Shan N. Kothari
Excluding the Tirthankars and their Ganadhars, the most influential Jain of this half of the kalachakra may not have been a major acharya, nor was he a notable sadhu or sadhvi. Shrimad Rajchandra, one of the greatest Jain practitioners of all time, remained a shravak his entire life. Nevertheless, the effects of his philosophy and succinct writings on the spread of the Jain dharma are incalculable. Furthermore, through his correspondence with Mahatma Gandhi and other important political figures of his time, he was a major influence on political movements in India and across the world, and his philosophy of detachment and love continues to have an effect today.
Shrimad Rajchandra was born in 1867 in the Saurashtra region of Gujarat to a Jain mother and a merchant father who worshipped Lord Krishna. As he wrote in his autobiographical Samucchaya Vayacharya, for the first seven years of his life, he “cherished a wonderful imagination in his mind” and “aspired to be a great man of a resigned nature.” Still, he was very compassionate and has little attachment to worldly possessions even at this early stage, living “a life of […] spotless innocence” (Rajchandra). At the age of seven, after a long period of meditation on the separation of the soul from the body at death, he gained Jati Smarana Gnan, the power to see into his past lives (Colorado State). For the next four years, he devoted himself to his studies, and despite his indifference he progressed very quickly due to his excellent memory and sharp analytical skills. (Regarding Rajchandra’s spectacular memory, Gandhi decided to test his memory soon after meeting him. He “exhausted [his] vocabulary of all the European tongues he knew,” and Rajchandra repeated every word in the exact order they were given. Gandhi was also very impressed with his deep knowledge of Jain texts and “burning passion for self-realization.” (Gandhi 88)) Throughout his schooling, Shrimadji always had great faith in mankind and “learnt that a spirit of affectionate brotherhood was the key to family and social happiness,” an idea that would later greatly inform his philosophy as it developed throughout his life.
As a young child, Shrimadji was initiated into Vaishnavism and went daily to do darshana of Lord Krishna. Although he initially disliked Jains, he began to read Jain scriptures such as the Pratikramana Sutra and “liked this idea of universal love and non-violence very much,” eventually becoming a Jain himself (Rajchandra). He also began writing poetry at a very young age. In 1884, he published his book Stri Niti Bodhaka, which advocated hard work, education, and virtue, and discussed topics that, at the time, were controversial. It advocated women’s rights and education as a means toward national independence, and idea which had a large impact on Indian independence movements, many of which required the joint efforts of men and women (Colorado State). In the meantime, young Shrimadji’s mental abilities brought him a lot of fame; there are many stories describing his ability to perform scores of tasks at once. Soon, he began to develop a spirit of extreme detachment (Colorado State).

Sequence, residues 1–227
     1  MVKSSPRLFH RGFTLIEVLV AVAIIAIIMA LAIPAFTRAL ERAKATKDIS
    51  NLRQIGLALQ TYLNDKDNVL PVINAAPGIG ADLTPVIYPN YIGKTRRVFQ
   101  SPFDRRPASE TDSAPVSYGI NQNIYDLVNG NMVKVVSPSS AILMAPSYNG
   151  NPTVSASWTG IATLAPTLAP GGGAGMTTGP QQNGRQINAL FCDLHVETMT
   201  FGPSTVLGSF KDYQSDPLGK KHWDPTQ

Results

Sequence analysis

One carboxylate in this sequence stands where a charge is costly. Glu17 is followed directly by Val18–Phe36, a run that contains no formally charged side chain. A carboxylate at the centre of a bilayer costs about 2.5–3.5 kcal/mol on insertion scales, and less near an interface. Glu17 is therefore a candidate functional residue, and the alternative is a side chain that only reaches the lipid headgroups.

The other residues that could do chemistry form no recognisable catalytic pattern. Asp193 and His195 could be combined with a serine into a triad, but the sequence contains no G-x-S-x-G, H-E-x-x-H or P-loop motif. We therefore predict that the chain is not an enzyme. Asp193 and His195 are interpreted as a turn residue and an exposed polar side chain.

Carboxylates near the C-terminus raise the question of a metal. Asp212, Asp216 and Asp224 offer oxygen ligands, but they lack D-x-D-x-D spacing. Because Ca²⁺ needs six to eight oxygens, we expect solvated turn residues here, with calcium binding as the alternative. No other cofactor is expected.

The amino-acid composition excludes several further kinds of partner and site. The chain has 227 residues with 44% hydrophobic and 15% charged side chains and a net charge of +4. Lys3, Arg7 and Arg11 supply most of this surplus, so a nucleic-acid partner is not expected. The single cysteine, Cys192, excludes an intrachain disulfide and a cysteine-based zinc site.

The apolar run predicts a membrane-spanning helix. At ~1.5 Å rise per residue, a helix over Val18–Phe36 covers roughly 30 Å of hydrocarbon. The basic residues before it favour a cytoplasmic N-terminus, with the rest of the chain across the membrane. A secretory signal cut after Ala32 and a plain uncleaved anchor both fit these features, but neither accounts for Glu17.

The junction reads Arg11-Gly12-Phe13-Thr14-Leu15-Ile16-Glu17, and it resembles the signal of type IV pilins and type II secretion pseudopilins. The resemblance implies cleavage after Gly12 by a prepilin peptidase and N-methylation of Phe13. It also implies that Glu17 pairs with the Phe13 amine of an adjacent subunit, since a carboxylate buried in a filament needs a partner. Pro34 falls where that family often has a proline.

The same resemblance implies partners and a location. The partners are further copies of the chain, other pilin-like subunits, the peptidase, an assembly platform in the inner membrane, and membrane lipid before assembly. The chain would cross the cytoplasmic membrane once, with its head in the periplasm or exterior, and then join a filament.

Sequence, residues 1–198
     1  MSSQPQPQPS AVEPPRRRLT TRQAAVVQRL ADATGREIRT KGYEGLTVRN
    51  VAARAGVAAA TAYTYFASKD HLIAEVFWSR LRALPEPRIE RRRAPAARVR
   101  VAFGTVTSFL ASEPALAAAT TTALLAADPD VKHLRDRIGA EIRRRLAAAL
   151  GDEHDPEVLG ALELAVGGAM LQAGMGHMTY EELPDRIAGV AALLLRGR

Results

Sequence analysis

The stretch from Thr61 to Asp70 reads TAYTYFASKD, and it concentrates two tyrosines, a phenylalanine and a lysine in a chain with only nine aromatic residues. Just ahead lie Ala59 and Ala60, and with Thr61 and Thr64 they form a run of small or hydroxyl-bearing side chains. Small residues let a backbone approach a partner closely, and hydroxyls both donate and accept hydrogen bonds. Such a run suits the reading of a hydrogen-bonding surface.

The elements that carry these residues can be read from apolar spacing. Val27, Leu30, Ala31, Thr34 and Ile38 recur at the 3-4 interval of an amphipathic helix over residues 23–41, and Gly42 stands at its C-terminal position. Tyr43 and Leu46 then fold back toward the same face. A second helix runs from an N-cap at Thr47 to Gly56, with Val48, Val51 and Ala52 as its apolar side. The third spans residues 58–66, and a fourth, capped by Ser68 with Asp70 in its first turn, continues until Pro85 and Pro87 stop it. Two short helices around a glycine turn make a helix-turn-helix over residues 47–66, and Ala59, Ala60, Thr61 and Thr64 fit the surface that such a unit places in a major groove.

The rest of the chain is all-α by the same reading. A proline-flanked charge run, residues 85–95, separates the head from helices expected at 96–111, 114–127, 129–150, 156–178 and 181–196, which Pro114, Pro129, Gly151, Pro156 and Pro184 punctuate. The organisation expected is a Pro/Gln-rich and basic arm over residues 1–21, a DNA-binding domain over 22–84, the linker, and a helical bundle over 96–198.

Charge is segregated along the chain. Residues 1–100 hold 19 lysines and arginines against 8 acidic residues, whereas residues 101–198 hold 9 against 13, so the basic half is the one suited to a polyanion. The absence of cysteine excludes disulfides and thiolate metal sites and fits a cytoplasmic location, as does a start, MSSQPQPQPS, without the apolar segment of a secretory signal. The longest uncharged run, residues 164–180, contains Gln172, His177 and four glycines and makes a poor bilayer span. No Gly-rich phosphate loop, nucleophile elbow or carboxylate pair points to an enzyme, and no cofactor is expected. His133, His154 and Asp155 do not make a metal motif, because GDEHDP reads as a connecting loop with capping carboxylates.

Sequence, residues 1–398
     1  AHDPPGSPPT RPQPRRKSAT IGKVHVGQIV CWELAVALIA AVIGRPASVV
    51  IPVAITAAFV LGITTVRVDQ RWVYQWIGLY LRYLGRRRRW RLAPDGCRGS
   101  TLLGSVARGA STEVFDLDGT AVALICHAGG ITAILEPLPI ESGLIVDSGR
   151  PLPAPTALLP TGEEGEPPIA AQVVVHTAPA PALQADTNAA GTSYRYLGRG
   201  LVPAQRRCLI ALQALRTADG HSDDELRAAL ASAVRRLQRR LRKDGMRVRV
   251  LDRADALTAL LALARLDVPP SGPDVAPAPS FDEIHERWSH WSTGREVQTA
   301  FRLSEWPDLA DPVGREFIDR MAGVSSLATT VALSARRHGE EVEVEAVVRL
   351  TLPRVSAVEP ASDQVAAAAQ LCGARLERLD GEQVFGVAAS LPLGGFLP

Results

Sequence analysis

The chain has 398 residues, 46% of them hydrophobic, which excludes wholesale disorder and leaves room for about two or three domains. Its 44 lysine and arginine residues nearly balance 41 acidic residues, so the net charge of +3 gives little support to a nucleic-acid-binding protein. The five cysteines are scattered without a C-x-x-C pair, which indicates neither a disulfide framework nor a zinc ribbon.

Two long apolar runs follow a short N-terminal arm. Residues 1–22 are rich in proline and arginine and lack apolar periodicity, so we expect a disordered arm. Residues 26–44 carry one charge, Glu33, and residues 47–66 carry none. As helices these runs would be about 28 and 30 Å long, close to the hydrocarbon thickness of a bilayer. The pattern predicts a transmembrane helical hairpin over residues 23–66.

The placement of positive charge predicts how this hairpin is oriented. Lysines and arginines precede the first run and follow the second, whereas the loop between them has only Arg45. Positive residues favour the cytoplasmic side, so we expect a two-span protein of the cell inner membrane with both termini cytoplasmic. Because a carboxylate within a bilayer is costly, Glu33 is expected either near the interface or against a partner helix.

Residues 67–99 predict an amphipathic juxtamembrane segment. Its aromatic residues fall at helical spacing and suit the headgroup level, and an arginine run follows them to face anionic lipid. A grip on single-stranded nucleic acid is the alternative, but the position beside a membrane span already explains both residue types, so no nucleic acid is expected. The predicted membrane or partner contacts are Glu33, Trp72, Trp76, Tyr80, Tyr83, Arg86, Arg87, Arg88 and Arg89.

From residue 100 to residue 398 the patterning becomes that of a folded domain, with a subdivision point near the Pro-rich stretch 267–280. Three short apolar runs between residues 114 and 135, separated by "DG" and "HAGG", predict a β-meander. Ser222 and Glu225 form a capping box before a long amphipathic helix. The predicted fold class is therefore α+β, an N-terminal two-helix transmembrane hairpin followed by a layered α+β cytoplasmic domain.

Nevertheless, by the time he was a young man, Rajchandra was a thriving “connoisseur or pearls and diamonds” whose “commercial transactions covered hundreds of thousands” (Gandhi 88). He was always very honest in all his transactions. In 1888, at the age of twenty, he married Zabakben and later had four children with her. However, his thoughts always turned to religion, and he spent long periods of time living the life of an ascetic and pondering matters of the soul. Although he was never disrespectful to any other religion and even read the Bible, the Qur’an, and various other sacred texts of other religions, he always remained steadfastly Jain (Colorado State). He continued to write many works that would later become important Jain texts, encapsulating vast swaths of Jain philosophy in works which helped to propagate Jainism throughout the world. He was greatly opposed to the formation of Jain sects, remarking that their founders have “substituted their imperfect beliefs for the true religion.” He also took a stance on the conflict in Jainism about idols, saying, “I am convinced of the need and authenticity of [them] by my own spiritual experience” (Colorado State).